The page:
Donatella Flick in 2021But it’s not just about the winners – the Competition must also benefit everyone that takes part. Each competitor gets the chance to conduct the LSO, and the repertoire is carefully selected for each round to ensure that competitors get the most out of the opportunity. The jury are also always of the highest calibre, and they provide both their time and wealth of experience for free; each year our competitors gain so much from the jury’s wisdom and guidance. Our jury this year includes Sir Antonio Pappano, Martyn Brabbins, Sally Beamish, Sian Edwards, David Alberman and Juliana Koch – a truly remarkable collection of artists for this year’s conductors to learn from.

Of course, in over 30 years of running the Competition, things have undoubtedly changed. One of the biggest changes over the last few years is that we’ve opened the Final Round up to the world – audiences across the globe were able to stream the Final Round on for the first time in 2018, and we’re thrilled to be working with them again on this year’s Competition to livestream the Final, which takes place tonight at LSO St Luke’s.

We also lowered the maximum age for applicants from 35 to 30, the better to engage conductors at the start of their careers – the average age of this year’s competitor’s is around 25 – and we’ve also had more and more women apply. I also wanted to broaden our horizons so we could find talent from more unexpected places, so in 2018 we opened up entries to conductors from Iceland, Liechtenstein, Norway and Switzerland for the first time, and I’ve been delighted to see competitors from those countries make the final shortlists of the past few Competitions.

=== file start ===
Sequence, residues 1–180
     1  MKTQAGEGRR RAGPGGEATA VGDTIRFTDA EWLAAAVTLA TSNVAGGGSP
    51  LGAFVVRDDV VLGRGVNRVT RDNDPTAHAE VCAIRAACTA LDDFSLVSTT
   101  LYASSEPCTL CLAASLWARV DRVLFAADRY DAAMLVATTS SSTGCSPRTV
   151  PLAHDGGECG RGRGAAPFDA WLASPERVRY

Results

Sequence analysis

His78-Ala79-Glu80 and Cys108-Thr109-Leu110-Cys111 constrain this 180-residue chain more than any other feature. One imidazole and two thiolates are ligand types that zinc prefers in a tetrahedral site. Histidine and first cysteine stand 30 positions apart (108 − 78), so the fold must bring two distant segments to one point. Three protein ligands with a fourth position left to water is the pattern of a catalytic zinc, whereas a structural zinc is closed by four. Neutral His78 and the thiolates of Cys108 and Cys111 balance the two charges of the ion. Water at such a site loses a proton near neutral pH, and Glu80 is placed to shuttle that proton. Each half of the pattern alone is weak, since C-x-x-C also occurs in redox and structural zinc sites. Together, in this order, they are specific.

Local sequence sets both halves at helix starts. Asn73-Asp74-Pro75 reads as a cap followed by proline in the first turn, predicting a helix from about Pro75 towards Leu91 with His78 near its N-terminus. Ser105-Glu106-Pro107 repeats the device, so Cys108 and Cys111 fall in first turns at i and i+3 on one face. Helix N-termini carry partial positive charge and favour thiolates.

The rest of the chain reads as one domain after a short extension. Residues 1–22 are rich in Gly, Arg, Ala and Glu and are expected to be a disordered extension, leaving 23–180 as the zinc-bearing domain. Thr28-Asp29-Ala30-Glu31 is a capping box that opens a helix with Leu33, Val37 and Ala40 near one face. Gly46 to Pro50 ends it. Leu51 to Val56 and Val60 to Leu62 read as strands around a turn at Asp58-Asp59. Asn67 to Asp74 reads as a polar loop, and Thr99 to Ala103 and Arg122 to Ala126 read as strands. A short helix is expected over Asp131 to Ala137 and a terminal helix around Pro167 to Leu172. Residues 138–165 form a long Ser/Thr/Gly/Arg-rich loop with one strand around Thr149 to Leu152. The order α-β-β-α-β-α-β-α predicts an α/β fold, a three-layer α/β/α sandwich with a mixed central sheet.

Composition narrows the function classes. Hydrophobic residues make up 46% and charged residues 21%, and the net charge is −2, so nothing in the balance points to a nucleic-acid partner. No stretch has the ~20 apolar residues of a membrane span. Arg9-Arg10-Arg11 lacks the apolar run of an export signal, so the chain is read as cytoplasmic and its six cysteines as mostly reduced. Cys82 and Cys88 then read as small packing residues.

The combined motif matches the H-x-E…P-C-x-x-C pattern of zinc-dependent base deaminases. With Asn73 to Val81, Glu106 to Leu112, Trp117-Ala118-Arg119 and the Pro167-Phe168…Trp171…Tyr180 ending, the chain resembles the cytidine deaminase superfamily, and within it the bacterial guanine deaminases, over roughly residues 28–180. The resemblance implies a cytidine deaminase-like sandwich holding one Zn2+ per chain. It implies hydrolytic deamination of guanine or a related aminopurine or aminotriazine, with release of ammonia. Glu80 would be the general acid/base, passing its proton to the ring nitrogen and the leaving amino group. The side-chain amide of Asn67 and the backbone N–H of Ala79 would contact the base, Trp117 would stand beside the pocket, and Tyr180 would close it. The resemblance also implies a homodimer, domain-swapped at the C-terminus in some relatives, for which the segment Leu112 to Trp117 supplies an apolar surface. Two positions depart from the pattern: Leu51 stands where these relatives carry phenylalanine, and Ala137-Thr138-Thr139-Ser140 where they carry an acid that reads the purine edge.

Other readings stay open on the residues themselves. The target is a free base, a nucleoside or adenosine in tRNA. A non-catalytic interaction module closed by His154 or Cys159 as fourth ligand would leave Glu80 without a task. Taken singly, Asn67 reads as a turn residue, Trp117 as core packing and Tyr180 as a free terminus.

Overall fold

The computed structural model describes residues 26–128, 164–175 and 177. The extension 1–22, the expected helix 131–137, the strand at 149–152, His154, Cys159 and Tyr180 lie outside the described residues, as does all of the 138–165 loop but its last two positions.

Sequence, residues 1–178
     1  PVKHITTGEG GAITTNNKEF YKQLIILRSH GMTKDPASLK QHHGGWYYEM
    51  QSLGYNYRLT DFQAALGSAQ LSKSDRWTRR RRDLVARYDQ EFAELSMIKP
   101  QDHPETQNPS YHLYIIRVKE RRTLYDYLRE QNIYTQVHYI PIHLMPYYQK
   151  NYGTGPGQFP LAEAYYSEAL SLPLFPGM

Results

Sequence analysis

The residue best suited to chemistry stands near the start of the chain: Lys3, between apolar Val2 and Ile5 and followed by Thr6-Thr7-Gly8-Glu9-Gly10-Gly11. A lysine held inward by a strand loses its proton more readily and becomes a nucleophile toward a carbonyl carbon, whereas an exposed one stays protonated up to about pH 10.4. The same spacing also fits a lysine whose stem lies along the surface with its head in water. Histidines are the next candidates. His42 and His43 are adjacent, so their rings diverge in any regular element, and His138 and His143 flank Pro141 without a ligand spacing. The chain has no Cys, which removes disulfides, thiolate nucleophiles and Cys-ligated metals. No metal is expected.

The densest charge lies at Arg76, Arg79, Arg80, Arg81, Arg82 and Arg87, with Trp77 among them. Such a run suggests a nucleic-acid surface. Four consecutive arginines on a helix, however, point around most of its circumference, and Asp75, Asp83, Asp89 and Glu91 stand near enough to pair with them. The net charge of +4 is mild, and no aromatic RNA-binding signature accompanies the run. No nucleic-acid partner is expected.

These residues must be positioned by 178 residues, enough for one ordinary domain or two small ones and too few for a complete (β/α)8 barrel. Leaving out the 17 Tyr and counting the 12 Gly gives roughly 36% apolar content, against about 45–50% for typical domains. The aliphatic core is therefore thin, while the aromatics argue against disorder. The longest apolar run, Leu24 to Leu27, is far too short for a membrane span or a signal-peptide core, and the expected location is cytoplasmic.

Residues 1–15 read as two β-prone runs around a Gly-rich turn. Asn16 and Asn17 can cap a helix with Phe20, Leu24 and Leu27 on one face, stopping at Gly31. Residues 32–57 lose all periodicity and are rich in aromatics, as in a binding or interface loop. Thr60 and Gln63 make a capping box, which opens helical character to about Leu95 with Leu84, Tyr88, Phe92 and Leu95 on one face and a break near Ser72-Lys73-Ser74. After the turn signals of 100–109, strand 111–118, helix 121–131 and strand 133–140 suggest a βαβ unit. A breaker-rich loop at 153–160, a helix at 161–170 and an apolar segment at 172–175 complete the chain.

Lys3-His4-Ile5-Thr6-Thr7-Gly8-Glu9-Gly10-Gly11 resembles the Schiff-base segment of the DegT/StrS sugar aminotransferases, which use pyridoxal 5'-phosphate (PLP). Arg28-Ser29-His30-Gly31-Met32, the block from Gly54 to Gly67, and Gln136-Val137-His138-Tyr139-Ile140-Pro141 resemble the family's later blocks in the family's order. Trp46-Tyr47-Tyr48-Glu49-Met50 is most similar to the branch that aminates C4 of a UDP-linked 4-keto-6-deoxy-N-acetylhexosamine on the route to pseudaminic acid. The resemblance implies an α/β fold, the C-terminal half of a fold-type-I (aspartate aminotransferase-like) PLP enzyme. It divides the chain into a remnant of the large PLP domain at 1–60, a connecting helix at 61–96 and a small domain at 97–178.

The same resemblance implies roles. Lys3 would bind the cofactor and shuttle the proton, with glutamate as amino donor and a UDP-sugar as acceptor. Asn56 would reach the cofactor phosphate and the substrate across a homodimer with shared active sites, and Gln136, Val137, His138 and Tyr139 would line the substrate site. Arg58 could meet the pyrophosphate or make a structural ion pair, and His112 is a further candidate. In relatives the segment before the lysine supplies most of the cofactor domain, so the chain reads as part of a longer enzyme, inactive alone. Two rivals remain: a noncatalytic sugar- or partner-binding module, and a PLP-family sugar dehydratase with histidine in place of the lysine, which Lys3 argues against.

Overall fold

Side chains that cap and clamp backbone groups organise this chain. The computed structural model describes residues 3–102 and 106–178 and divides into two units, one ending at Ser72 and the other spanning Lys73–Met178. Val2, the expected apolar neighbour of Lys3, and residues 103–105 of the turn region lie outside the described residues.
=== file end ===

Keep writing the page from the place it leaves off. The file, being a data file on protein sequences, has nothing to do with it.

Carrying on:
But one of the biggest changes has come from outside of the Competition, and that is the decline in support and funding for the arts and classical music in this country – events over the past few months have brought this into even starker view. If young conductors were finding it difficult back in 1990, how much harder must it be for them now with all of these opportunities being stripped away? Arguably, the work of the Competition is now more important than ever. I have loved classical music all my life and have been a proud arts philanthropist for many years. It’s essential that we continue to support young artists to be able to pass the baton onto the next generation. 

The finalists announced for tonight's event at LSO St Luke's are Nicolò Umberto Foron (25, Germany), Jiří Habart (30, Czechia) and Jakub Przybycień (27, Poland)

Watch a 2016 short documentary on the Donatella Flick LSO Conducting Competition

How many wonderful concerts, recordings and artistic partnerships have been lost because young conductors weren’t supported at a critical point in their career?